If I learned anything during this tournament it’s the importance of “playing the player”. Marc made an adjustment to his strategy by coming over the top against Antonius often which forced Antonius to make an adjustment to his own strategy by pushing instead of raising to take the play away from Marc. Marc then re-adjusted to exploit Antonius’ new strategy by calling him down with a marginal hand and being best. Against Lee Nelson, who plays a style that forces his opponents into big pots, Marc adjusted by playing more passively, checking and calling and keeping pots small so that Lee had no opportunity to really make a big move. It’s clear to me now that this is the kind of thinking you need in order to be world class.

At the end of Day 2, the “bubble” had burst and all remaining players had made the money. This turned Day 3 into a frenzied kamikaze all-in fest. All the Internet qualifiers who had been nursing micro-stacks shoved their chips in the middle recklessly in order to collect their prize money and enjoy the sights and sounds of Melbourne. Being at such an aggressive table on Day 2 made Marc’s Day 3 table seem like a cake-walk and he was able, rather quickly, to catapult himself into the chip lead and stay there for most of the day by picking off the all-in short stacks.

Every single all-in was filmed by a crew that included two cameras and two boom mics. Several photographers also rushed to the scene of each all-in to immortalize the moment. The flurry of activity caught the poker room staff a little off guard and they started getting nasty even with the accredited media. But they eventually calmed down and listened to reason when enough of us complained.

At the end of the day, with Marc’s big stack, anyone and everyone that we had met in Melbourne as well as his family and friends back home advised Marc not to do “anything crazy” and to just fold now that he has chips. Marc commented to me how silly this advice was and that in fact it’s the total opposite. Now that he had chips he could afford to make moves and steal pots. Conversely, if he had fewer chips he would be forced to play cautiously and wait for a hand.

On Day 4 Marc drew the televised feature table. This was good news all around. It would give Marc more exposure and it would allow me to report from the media room while watching the action on a monitor instead of having to deal with the mob scene that was the poker room. Gus Hansen was also at the TV table and, in what ended up being the key hand of the tournament; Gus picked off one of Marc’s bluffs and crippled him. It turns out Marc had overestimated Gus’ willingness to fold when he has a big stack.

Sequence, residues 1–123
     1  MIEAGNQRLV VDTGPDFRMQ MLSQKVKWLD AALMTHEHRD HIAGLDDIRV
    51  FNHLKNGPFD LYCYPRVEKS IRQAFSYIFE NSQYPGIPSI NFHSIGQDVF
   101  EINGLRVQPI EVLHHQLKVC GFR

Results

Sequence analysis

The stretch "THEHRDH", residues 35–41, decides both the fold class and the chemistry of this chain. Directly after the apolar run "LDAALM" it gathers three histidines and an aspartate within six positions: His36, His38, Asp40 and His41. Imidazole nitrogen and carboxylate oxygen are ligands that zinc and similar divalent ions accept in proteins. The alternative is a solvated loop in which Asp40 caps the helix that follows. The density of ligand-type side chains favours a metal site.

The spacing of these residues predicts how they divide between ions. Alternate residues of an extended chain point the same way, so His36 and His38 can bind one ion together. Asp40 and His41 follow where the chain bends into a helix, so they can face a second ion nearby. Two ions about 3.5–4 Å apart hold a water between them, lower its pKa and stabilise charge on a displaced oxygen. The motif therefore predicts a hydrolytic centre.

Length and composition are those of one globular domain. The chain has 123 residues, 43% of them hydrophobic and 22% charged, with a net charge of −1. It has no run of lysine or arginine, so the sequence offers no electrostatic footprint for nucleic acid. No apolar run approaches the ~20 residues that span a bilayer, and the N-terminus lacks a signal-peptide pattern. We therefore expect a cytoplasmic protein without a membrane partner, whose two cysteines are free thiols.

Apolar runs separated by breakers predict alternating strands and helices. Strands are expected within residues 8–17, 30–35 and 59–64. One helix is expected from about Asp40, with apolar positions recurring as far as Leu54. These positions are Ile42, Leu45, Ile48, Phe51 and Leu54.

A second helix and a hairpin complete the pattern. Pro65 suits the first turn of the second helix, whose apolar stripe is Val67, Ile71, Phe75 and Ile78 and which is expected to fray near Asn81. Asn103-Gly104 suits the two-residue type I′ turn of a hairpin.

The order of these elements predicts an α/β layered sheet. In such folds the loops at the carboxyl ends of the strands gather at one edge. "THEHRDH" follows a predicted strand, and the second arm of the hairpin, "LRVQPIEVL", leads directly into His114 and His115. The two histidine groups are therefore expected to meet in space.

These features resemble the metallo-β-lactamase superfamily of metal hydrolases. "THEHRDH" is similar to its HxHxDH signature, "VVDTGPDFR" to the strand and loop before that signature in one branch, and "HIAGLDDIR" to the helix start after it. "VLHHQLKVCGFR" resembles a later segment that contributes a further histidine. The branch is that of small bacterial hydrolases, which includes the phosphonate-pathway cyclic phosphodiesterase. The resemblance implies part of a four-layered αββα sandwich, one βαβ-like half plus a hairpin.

Towards the end of the day, one of the players at Marc’s table, a local sheep farmer who had satellited his way into the tournament, started taking forever to make his pre-flop decision on each hand. I can’t say I approve of what he did, but when I consider that he probably stalled his way into an extra 40,000 in prize money, I think I can understand his motivations.

Card dead at the final table, Marc had to push with K-J in an attempt to steal blinds and antes but Gus called with A-9 and Marc busted in sixth place earning 300,000 AUD. On the up side, he set a personal record for most money won in a single tournament and I got to travel half way around the world with him to watch a major tournament unfold from start to finish and to learn what it takes to succeed in these events; aggression, fearlessness and the ability to adapt to every opponent and correctly exploit their strategy.


A very different version of the piece above should appear in the March issue of the magazine. The magazine version will focus more on Marc and the other Canadian players at the event.

In other news, I've begun working with Marc to promote him and increase his overall media exposure in Canada and eventually the U.S. We did a press release for him and released it through the Canadian News Wire. We will follow this up with a Wikipedia article and a lot of other exciting things which I am not yet at liberty to discuss. Stay tuned for more info on that as well as my usual posts about poker in general.
Blogger myst said...

Hey Bill, the “kissy summoning” IS a common practice around the world, it's just that the rest of the world uses it to summon cats and other furry creatures, not humans. :P

Great post by the way.

4:47 AM  
Anonymous Anonymous said...

Bill - I can't speak for "the rest of the world", but in my short time in Africa so far, I'm noticing the "kissy summoning" to be quite prevalent.

See you when I get back in July.


3:49 AM  

Post a Comment

<< Home